Travel.State.Gov > Intercountry Adoption > Country Information > Antigua and Barbuda Intercountry Adoption Information
Exercise normal precautions in Antigua and Barbuda. Some areas have increased risk. Read the entire Travel Advisory.
Do not travel to:
Read the Safety and Security section on the country information page.
If you decide to travel to Antigua and Barbuda:
In September 2017, Hurricane Irma caused extensive damage in Barbuda. Local government officials mandated the evacuation of the island's residents to Antigua, and few have returned. Much of Barbuda’s infrastructure was destroyed; electricity and running water have yet to be restored. Antigua’s infrastructure remains largely intact.
Visit our website on Travel to High-Risk Areas.
Antigua and Barbuda is not a party to the Hague Convention on Protection of Children and Co-operation in Respect of Intercountry Adoption (Hague Adoption Convention or Convention). Under the Intercountry Adoption Universal Accreditation Act of 2012 (UAA), which became effective on July 14, 2014, the accreditation requirement and standards, which previously only applied in Convention cases, now also apply in non-Convention (“orphan”) cases under section 101(b)(1)(F) of the Immigration and Nationality Act. The UAA requires that an accredited or approved adoption service provider acts as a primary provider in every case, and that adoption service providers providing adoption services on behalf of prospective adoptive parents be accredited or approved, or be a supervised or exempted provider. Adoption service providers and prospective adoptive parents should review the State Department’s Universal Accreditation Act of 2012 webpage for further information. Intercountry adoptions of children from non-Convention countries continue to be processed under the Orphan Process with the filing of the Forms I-600A and I-600. However, adoption service providers should be aware of the information on the USCIS website on the impact on Form I-600A and Form I-600 adjudications under the UAA, including the requirement that all home studies, including home study updates and amendments, comply with the Convention home study requirements, which differ from the orphan home study requirements that were in effect before July 14, 2014.
Antigua and Barbuda has no designated adoption authority. U.S. citizens considering adoption from Antigua and Barbuda should contact the Embassy of Antigua and Barbuda in the United States for information about how to contact the appropriate government entity in Antigua and Barbuda.
Antigua and Barbuda is not generally a country of origin for intercountry adoption. While intercountry adoption is legally possible, children from Antigua and Barbuda are not generally placed for intercountry adoption. No child from Antigua and Barbuda has received a U.S. adoption immigrant visa relating to an intercountry adoption in the past five fiscal years. The information provided may be of assistance in extremely rare intercountry adoption cases from Antigua and Barbuda, which might include adoptions of children from Antigua and Barbuda by relatives in the United States, or adoptions of children from third countries by U.S. citizens living in Antigua and Barbuda.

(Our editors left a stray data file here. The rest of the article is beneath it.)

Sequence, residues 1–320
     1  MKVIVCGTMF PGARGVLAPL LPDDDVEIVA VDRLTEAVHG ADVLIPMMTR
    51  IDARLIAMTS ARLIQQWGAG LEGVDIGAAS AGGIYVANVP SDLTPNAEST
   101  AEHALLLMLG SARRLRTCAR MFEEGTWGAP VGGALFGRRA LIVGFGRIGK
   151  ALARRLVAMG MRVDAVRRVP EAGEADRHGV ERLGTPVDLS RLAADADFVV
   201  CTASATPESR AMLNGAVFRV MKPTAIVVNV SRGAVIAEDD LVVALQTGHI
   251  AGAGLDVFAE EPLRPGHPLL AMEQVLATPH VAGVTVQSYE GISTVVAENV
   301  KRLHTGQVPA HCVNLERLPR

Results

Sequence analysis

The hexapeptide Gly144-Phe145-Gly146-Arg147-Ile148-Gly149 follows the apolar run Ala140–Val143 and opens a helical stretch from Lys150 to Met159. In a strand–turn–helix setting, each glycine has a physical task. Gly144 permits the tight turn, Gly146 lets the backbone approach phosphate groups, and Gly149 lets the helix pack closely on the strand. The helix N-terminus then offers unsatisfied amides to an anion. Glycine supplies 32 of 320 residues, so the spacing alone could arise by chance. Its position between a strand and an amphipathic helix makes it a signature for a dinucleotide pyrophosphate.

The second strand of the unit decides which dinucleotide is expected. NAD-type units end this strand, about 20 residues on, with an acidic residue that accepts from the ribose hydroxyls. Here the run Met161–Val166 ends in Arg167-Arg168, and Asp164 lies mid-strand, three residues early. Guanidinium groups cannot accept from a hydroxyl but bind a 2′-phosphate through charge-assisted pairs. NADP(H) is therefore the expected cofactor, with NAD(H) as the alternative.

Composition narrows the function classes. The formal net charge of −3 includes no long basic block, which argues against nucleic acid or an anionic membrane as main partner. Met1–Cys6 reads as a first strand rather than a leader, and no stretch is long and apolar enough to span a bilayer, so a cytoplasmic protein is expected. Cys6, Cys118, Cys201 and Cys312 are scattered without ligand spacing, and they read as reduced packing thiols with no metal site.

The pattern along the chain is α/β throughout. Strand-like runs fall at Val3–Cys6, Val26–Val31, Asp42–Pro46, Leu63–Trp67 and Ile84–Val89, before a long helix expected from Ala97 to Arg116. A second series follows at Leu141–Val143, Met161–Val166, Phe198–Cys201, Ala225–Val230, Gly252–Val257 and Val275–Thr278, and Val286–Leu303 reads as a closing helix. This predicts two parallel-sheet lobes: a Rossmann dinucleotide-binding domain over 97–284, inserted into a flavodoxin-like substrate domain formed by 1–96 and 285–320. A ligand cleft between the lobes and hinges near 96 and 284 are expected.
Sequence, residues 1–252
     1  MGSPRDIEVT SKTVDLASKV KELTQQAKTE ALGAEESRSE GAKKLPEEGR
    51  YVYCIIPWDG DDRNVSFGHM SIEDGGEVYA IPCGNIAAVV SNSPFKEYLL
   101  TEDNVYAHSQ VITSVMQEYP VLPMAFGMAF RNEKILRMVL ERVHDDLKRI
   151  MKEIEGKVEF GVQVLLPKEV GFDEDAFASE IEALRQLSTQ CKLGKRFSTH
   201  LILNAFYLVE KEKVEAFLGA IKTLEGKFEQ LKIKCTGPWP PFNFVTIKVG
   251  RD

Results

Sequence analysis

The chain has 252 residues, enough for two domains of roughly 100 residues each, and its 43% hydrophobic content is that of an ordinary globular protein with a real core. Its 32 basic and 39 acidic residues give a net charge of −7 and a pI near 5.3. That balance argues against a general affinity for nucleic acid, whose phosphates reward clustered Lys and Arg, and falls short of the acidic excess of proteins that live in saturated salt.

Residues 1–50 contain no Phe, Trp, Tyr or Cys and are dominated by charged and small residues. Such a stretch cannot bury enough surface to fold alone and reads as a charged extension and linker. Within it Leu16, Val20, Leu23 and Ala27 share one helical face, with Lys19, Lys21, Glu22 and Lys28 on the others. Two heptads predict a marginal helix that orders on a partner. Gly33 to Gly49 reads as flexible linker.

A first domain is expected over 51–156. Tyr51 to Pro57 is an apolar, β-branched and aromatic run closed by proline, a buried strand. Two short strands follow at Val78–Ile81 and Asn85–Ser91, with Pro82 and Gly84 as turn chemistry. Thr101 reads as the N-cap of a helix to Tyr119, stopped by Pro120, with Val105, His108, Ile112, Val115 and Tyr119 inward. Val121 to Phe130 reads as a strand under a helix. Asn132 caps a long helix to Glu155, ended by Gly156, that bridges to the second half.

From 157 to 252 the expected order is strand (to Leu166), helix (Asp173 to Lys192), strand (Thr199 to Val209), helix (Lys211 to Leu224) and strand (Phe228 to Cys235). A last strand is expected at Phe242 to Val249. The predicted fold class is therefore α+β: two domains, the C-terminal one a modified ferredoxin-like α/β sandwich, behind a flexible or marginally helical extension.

Antigua and Barbuda does not have a central adoption authority. Intercountry adoption is handled by the judiciary, which generally does not consider issues related to intercountry adoption. The laws of Antigua and Barbuda require that prospective adoptive parents must be legally resident in, and physically domiciled in, Antigua and Barbuda.
U.S. citizens interested in adopting children from Antigua and Barbuda should contact the Embassy of Antigua and Barbuda in the United States to inquire about applicable laws and procedures. U.S. citizens living in Antigua and Barbuda who would like to adopt a child from the United States or from a third country should also contact the Embassy of Antigua and Barbuda. See contact information below.
Caution: Prospective adoptive parents should be aware that not all children in orphanages or children’s homes are eligible for adoption. In many countries, birth parents place their child(ren) temporarily in an orphanage or children’s home due to financial or other hardship, intending that the child return home when this becomes possible. In such cases, the birth parent(s) have rarely relinquished their parental rights or consented to the adoption of their child(ren).
Please visit the Department of State’s Country Specific Information for more information on travelling to Antigua and Barbuda and the U.S. Embassy Bridgetown’s website for information on consular services.
To bring an adopted child to the United States from Antigua and Barbuda, you must meet certain suitability and eligibility requirements. USCIS determines who is suitable and eligible to adopt a child from another country and bring that child to live in the United States under U.S. immigration law.
Additionally, a child must meet the definition of an orphan under U.S. immigration law in order to be eligible to immigrate to the United States with an IR-3 or IR-4 immigrant visa.
Antigua and Barbuda has no central adoption authority identified by law.
U.S. Embassy in Bridgetown, Barbados
Wildey Business Park
St. Michael, BB 14006
Tel: (246) 227-4000
Fax: (246) 431-0179
Antigua Barbuda Embassy in the United States
3216 New Mexico Ave., N.W.
Washington, DC 20008
Fax: 1- 202-362-5525
Antigua and Barbuda also have Consulates in Miami and New York
U.S. Citizenship and Immigration Services (USCIS)
For questions about filing a Form I-800A application or a Form I-800 petition:
USCIS National Benefits Center (NBC):
Tel: 1-877-424-8374 (toll free); 1-913-275-5480 (local); Fax: 1- 913-214-5808
For general questions about immigration procedures:
USCIS Contact Center
Tel: 1-800-375-5283 (TTY 1-800-767-1833)
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